The Demise of Home Decor Direct Sales Parties
If you’ve been doing home decor stuff over the last couple decades, you might remember a company called Home Interiors and Gifts, a direct sales company focused on craftsy stuff that women love. The former giant player in the home decor industry saw its growth peak in 2003, when it reached $615 million in sales on products that ranged from tea pots to decorations for holidays and special events. Over the years that followed 2003, direct sales and the party environment quickly weakened for companies like Home Interiors and Gifts. The next several years saw decreases in sales for Home Interiors and Gifts, which served as an index of the overall home decor party direct sales market. By 2007, their sales had dropped to less than half of their peak. By 2008, the company declared bankruptcy. Home Interiors and most of its subsidiaries (its Canadian and Mexican affiliates along with one subsidiary, Dormistyle Inc., were excluded from the bankruptcy) were reeling, and the company would never recover.
So what happened to companies like Home Interior and Gifts and others who used the direct sales, home party format to promote their goods? The answer is pretty obvious. eBay happened. Amazon happened. Etsy happened. As these and other forums for selling products, especially hand made home decor products, became popular, the demand for direct sales parties quickly tapered off. It is common that home decor products (as with other MLM models) sold at direct sales parties are overpriced. When there were not abundant alternatives for finding that perfect centerpiece or that quaint rug available through direct sales channels, people were willing to overpay. However, as the general population became progressively accustomed to purchasing online, even niche products, it became harder for people to justify spending 30%,40%, even double the retail price at parties for products similar to ones they could find on one of the retail, auction, or niche shopping websites.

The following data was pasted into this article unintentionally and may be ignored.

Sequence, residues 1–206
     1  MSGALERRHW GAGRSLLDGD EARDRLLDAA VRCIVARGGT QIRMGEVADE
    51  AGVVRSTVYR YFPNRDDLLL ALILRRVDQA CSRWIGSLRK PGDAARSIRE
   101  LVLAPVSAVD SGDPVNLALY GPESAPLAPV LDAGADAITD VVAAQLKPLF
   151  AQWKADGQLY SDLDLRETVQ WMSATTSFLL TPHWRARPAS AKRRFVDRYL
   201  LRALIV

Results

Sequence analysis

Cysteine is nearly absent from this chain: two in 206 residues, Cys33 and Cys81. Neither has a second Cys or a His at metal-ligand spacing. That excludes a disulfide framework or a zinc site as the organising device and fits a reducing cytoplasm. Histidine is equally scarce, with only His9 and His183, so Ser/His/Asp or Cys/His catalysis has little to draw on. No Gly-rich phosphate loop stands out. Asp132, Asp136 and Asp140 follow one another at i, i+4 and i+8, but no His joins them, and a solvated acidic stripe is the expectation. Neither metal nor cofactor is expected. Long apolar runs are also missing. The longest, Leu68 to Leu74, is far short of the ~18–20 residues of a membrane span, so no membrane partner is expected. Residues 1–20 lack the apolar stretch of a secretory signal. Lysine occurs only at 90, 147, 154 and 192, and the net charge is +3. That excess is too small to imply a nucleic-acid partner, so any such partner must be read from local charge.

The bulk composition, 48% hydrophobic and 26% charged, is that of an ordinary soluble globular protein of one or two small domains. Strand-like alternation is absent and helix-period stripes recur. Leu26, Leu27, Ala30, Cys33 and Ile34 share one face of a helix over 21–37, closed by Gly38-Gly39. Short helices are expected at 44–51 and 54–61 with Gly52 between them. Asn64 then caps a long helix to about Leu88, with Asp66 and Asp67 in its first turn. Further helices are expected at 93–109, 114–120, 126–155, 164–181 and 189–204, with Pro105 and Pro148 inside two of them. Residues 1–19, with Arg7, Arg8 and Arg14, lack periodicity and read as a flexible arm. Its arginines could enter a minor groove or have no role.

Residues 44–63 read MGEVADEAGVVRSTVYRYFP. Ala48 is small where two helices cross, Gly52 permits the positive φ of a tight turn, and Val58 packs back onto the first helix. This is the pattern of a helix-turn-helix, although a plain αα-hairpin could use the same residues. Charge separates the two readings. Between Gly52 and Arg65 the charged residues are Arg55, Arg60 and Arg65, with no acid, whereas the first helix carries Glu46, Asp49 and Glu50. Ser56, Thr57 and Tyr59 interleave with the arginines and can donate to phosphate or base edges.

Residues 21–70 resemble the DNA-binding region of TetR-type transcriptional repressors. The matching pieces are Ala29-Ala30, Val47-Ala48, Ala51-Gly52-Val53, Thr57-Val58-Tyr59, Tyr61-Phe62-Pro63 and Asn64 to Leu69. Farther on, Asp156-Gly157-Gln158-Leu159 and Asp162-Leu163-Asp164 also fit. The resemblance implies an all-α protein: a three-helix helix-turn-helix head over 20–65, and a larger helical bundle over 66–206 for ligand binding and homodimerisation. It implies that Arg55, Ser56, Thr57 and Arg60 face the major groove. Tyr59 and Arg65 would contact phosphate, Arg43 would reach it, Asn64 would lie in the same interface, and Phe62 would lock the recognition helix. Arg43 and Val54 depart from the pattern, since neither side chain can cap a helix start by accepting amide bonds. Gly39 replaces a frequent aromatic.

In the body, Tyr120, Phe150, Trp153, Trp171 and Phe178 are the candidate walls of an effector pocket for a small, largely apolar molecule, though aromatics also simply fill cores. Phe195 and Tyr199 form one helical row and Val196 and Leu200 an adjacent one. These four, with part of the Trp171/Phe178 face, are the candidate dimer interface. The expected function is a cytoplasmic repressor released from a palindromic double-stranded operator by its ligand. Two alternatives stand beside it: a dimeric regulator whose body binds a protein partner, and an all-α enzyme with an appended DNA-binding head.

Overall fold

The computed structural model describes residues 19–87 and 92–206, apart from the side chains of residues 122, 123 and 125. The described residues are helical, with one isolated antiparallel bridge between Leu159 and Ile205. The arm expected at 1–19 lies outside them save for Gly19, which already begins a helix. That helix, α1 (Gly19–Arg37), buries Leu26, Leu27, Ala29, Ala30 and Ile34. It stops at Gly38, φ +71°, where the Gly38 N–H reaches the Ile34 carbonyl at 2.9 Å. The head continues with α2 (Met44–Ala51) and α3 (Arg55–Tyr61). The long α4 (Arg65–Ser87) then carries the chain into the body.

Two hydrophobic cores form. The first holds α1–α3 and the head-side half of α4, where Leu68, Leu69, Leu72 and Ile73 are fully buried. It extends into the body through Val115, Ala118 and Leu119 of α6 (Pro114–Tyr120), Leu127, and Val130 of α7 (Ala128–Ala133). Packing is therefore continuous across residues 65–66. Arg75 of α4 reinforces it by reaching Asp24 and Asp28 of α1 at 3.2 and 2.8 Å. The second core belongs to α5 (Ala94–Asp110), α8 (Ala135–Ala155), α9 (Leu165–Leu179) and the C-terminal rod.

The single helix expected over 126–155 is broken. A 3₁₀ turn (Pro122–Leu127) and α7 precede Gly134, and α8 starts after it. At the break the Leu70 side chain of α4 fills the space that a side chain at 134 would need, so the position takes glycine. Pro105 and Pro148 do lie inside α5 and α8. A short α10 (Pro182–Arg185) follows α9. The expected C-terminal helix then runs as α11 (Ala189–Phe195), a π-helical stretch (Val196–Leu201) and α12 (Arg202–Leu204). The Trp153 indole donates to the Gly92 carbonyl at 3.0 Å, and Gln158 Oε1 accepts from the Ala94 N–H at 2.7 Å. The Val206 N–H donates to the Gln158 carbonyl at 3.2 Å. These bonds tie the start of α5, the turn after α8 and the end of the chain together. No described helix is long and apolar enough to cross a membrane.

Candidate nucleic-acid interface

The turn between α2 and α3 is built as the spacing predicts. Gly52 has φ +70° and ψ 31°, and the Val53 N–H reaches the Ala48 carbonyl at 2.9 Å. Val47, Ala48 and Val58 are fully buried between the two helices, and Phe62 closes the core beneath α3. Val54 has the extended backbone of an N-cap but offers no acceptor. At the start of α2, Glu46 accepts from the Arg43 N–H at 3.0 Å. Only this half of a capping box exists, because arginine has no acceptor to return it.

What About Retail Stores?
If the once-titanic home party market couldn’t survive the move to online purchasing habits, what about retail stores? Are they next?
Many retailers have had to adjust their strategies to compete with online offerings. However, brick-and-mortar retail have generally operated very different from home party networks. Prices at retailers have been kept competitive with other local retail stores. Home decor purchases made at home parties were often influenced by emotional impulses and peer pressure. Retail store purchases, although still generally more expensive than online purchases, are still often considered to be fair.
My wife has come direct sales home parties with a $50 pair of earrings, for example, that were probably worth half that much. Why? Because she felt empathy for the neighbor or friend who threw the party and invited her, and because she couldn’t eat the cheesecake and drink the hot chocolate served at the party and feel justified not purchasing something in return. There was a feeling of being “shamed” into spending more money than desired on products that at least filled some kind of jewelry or home decor need.
At some point in the early 2000’s, the balance of purchasing influence moved away from the void being filled by home parties and towards the easy, private, less-pressure environment involved with purchasing online.
Retail stores still have their advantages, including satisfying the impulse buy, need-it-now niche as well as fulfilling the demand for the local shopping “experience”.